His present station in the literature of Britain affords an illustration, familiar and obvious to every eye, of God's sovereignty, and of the arrangements of Him "who seeth not as man seeth." Had Pepys, or any other contemporary courtier that hunted for place and pension, or fluttered in levity and sin, in the antechambers of the later Stuarts, been asked, who of all the writers of the times were likely to go down to posterity among the lights of their age, how ludicrously erroneous would have been his apportionments of fame. Pepys might, from the Puritan education of his boyhood, have named Owen, Bates, and Baxter; or from the Conformist associations of his later years, have selected South, or Patrick, or Tillotson, as the religious writers who had surpassed all rivalry, or named a Walton or Castell, as having taken bonds of fame for the perpetuity of their influence. Had he known of Clarendon's preparations to become the historian of the Commonwealth and Restoration, or of Burnet's habits of preserving memoirs of the incidents and characters around him, he might have conjectured their probable honors in after-times. But in poetry he would have classed Dryden the royalist far above Milton the republican apologist of regicide; and might, aping the fashions of the palace, have preferred to either the author of Hudibras together with the lewd playwrights who were the delight of a shameless court—hailing the last as the most promising candidates for posthumous celebrity. How little could he have dreamed that among these Puritans and Non-conformists, whose unpopular cause he had himself deserted, and whom his royal masters Charles and James had betrayed, amerced, exiled, and incarcerated; in those conventicles so closely watched and so sternly visited, which these persecuted confessors yet by stealth maintained; aye, and in those dungeons, whither the informer so often from these conventicles dragged them, British freedom had its truest guardians, and British literature some of its noblest illustrations. How little thought he that God had there, in his old and glorious school of trial, his "hidden ones," like Bunyan, whose serene testimony was yet to shine forth victorious over wrong and neglect, and reproach and ridicule, eclipsing so many contemporary celebrities, and giving to the homes and the sanctuaries of every land inhabited by an English race, one of the names "men will not willingly let die." How little could gilded and callous favorites of the palace have dreamed that their Acts of Uniformity and Five-mile Acts, and the like legislation of ecclesiastical proscription, were but rearing for the best men of the age, in the prisons where they had been immured, a Patmos, serene though stern, where the sufferer withdrew from man to commune with the King of kings. There the prisoned student was receiving for the churches new lessons of surpassing beauty and potency; and the confessor, pillaged by informers and bullied by judges, and lamented in his own stricken household and desolate home, but only derided by his godless sovereign and heartless courtiers, yet often found himself compensated for every loss, when, like an earlier witness for the gospel of the Cross, enwrapped "IN THE SPIRIT, ON THE LORD'S DAY." Such were the schools where Non-conformist piety received its temper, its edge, and its lustre. The story of Bunyan is, we say, one of the golden threads binding together into harmony and symmetry, what, seen apart, seem but fragmentary and incoherent influences—the track of a divine Providence controlling the fates and reputations of the race. It is a Providence disappointing men's judgments and purposes, exalting the lowly and depressing the illustrious, rebuking despondency on the one hand and on the other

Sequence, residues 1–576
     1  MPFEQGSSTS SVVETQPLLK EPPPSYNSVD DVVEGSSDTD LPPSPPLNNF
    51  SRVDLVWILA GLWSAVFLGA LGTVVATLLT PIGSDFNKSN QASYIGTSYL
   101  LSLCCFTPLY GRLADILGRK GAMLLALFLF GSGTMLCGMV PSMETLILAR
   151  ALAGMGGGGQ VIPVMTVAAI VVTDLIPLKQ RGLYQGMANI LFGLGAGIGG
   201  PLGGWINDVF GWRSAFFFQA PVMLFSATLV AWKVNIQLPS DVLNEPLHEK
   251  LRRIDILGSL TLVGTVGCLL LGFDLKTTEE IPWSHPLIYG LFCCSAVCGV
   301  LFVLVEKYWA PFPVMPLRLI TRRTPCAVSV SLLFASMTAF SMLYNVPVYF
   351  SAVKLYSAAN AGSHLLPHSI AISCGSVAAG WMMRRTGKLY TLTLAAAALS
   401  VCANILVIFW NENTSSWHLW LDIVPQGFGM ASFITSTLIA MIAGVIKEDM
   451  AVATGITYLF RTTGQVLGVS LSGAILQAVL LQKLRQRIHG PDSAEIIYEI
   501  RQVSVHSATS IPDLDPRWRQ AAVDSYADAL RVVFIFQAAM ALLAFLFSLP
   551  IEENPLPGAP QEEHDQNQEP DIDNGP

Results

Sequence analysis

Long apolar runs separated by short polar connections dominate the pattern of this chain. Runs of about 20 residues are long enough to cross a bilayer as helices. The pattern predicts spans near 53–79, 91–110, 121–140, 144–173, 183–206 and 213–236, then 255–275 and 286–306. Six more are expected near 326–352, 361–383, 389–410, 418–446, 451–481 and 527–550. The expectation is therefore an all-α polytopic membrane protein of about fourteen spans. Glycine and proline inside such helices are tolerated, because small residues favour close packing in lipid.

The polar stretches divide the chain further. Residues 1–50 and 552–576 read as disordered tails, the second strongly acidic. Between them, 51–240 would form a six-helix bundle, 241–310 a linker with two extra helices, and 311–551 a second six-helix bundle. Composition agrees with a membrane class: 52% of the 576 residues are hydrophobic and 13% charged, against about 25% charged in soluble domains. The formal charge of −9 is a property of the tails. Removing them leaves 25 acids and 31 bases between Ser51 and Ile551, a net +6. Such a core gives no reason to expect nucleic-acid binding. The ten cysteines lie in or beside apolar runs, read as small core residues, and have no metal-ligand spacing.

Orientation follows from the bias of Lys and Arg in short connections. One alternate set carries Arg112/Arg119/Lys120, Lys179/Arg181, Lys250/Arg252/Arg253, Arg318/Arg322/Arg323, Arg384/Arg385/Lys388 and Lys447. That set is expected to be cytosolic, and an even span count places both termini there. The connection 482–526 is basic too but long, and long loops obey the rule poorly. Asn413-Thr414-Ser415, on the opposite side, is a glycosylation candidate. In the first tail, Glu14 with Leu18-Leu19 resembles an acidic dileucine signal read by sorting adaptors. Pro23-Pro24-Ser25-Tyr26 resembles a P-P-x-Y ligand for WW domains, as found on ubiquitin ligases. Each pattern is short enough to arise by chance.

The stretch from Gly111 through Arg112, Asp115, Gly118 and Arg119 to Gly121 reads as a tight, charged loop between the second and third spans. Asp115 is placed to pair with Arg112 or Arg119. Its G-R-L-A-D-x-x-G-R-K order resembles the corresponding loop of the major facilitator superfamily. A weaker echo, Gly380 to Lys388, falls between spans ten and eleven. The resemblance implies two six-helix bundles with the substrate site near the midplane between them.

curbing presumption, setting up one and putting down another. This is done even now and even here, as one of the many intimations which even time and earth present, of that final and universal reparation which is reserved for the general resurrection and the last judgment. Then the unforgetting and universal Sovereign will avenge all the forgotten of his people, nor leave unpunished one among the tallest and mightiest of his enemies. As the foreshadowing of this, there is often in this life what Milton has called, "a resurrection of character." Seen in Bunyan and others on earth, it will be one day accomplished as to all the families of mankind. We pronounce TOO SOON upon the apparent inequalities of fame and recompense around us; while we fail to take in the future as well as the present, and attempt to solve the mysteries of time without including in the field of our survey the retributions of that eternity which forms the selvage and hem of all the webs of earth. And we pronounce not only too soon but VERY SUPERFICIALLY upon the inequalities of happiness in the lot of those who fear and those who scorn God; while we look mainly or merely to the outward circumstances of home and station and bodily well-being, but take no note of the inner and more enduring elements of felicity, supplied to the sufferer for Christ by the blended powers of conscience and of hope—the one of them purified and pacified by the blood of the great sacrifice on Calvary; the other of them steadily and cheerfully soaring to the glories and rest of the mount Zion above. Faithful, in his cage, bearing the gibes and flouts of the rabble who thirsted for his blood, was one of the happiest men in all Vanity Fair, even ere the hour when his spirit mounted the fiery chariot that hurried him to his celestial home.